MATH 387, Fall 2008

This class has completed. Information on this web page may not be applicable to future semesters.

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Course information:

Instructor: Jake Wildstrom
Office: Natural Sciences Building 239
Primary office hours: Tuesday 2:30–3:30, Wednesday 11–12
Secondary office hours: Wednesday 12–1, Thursday 2–3
Phone number: (502)852-5845 (x5845)
Lecture: TR 4:00–5:15 PM in Humanities Building 217
Prerequisites: MATH 206 or EAC 102 and MATH 325, or permission of instructor.
Description: Pigeon-hole principle, counting techniques, binomial coefficients, generating functions, stirling and catalan numbers, permutations and graphs.
Textbook: Applied Combinatorics with Problem Solving by Jackson and Thoro. This book is out of print and copies can be obtained at Gray's Bookstore only.
Objectives: In this class, we will study the fundamentals of discrete mathematics, including deductive proof, inductive proof, counting techniques, binomial coefficients, the pigeonhole principle, the inclusion-exclusing principle, recurrence relations, generating functions, and graphs.
Responsibilities: You are responsible for attending class on a regular basis and maintaining comprehension of the scheduled class objectives for each day. You are expected to be active participants in class, to turn in assignments promptly, and to attend examinations.
Special needs: Any scheduled absence during a quiz or examination, or any other special needs, must be brought to my attention before the end of the week of class. Unscheduled absences will be handled on a case-by-case basis, with exceptions generally made only for documented emergencies.
Honesty: There are many resources available to help you succeed in this class, including consultation during office hours, secondary textbooks, and cooperation with other students. It is important, however, that all papers handed in be the result of your individual comprehension of the course material. Duplication of others' work is both a disservice to your own education and a serious violation of the university's academic honesty policy.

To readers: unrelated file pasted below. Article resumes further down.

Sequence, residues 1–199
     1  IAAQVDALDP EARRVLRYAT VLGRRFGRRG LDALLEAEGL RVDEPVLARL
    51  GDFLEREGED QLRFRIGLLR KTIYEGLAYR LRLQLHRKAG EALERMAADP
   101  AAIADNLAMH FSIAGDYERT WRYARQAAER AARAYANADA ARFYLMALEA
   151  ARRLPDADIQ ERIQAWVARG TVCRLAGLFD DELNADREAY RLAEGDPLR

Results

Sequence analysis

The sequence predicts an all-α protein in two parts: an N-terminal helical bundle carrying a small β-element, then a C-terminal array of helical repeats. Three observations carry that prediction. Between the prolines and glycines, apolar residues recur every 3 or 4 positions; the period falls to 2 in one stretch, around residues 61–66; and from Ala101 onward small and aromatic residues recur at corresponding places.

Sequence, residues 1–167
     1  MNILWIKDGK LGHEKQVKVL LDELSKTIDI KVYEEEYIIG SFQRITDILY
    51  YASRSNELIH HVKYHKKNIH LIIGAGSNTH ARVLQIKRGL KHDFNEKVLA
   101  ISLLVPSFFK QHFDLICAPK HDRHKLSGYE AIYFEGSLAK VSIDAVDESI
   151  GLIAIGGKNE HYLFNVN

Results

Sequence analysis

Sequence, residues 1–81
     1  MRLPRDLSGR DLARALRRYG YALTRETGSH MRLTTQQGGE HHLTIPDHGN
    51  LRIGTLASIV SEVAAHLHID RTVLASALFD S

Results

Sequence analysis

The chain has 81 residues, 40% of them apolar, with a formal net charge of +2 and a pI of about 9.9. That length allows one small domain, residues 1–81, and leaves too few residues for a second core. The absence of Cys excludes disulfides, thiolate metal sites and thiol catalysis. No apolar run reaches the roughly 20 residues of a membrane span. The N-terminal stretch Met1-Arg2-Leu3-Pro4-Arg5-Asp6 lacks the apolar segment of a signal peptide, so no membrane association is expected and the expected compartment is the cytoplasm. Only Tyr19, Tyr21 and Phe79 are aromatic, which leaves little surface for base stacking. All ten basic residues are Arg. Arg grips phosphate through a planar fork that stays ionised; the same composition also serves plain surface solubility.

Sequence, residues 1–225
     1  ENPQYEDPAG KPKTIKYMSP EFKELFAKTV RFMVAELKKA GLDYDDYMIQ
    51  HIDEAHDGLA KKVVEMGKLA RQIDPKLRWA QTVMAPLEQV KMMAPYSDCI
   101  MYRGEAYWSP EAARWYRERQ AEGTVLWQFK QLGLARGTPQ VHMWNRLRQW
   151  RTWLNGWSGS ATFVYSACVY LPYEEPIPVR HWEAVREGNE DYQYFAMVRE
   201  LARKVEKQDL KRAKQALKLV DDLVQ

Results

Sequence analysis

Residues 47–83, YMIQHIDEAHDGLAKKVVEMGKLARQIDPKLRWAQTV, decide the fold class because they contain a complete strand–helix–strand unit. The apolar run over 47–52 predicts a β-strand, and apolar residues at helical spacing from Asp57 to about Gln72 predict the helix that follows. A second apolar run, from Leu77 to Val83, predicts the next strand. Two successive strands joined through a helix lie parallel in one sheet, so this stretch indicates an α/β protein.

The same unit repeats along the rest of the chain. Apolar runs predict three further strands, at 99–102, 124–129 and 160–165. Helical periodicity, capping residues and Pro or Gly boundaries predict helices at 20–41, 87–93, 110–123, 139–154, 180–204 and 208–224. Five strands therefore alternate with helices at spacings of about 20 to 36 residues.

Grades: Homework problems account for 25% of your grade. The lowest score will be discarded. Each of the two midterm examinations will be 20% of your grade, the final examination will contribute 30%, and attendance and participation will make up 5%. A 90% overall guarantees a grade of A–, 80% guarantees a B–, and 70% guarantees a C–.
Changes: The syllabus is subject to change. Changes will be announced in class and updated online.

Course schedule

This schedule is tentative and subject to change, but exam and homework dates are fixed, barring extraordinary circumstances or class consensus.

Week Tuesday Thursday
January 8
Section 1.1
January 10
Section 1.2
January 15
Section 1.3
January 17
Section 1.4
January 22
Section 2.1
PS #1 due
January 24
Section 2.2
January 29
Section 2.3
PS #2 due
January 31
Section 2.4
February 5
Section 2.5
PS #3 due
February 7
Section 2.6
February 12
Exam #1
PS #4 due
February 14
Section 3.1
February 19
Section 3.2
PS #5 due
February 21
Section 3.3
February 26
Section 7.1
PS #6 due
February 28
Section 7.2
March 4
Section 7.3
PS #7 due
March 6
Section 7.4
Spring break
March 18
Section 8.1
PS #8 due
March 20
Section 8.2
March 25
Section 4.1
PS #9 due
March 27
Section 4.2
April 1
Exam #2
PS #10 due
April 3
Section 5.1
April 8
Section 5.2
PS #11 due
April 10
Section 5.3
April 15
Section 5.5
PS #12 due
April 17
Tuesday, April 29
Final exam, 5:30PM–8:00PM

Schedule of assignments

It is important that you show your work or outline the process of discovery for each problem. No credit will be given for answers which do not include work. Questions in boxes are more difficult and need not be done, but may be completed for extra credit.

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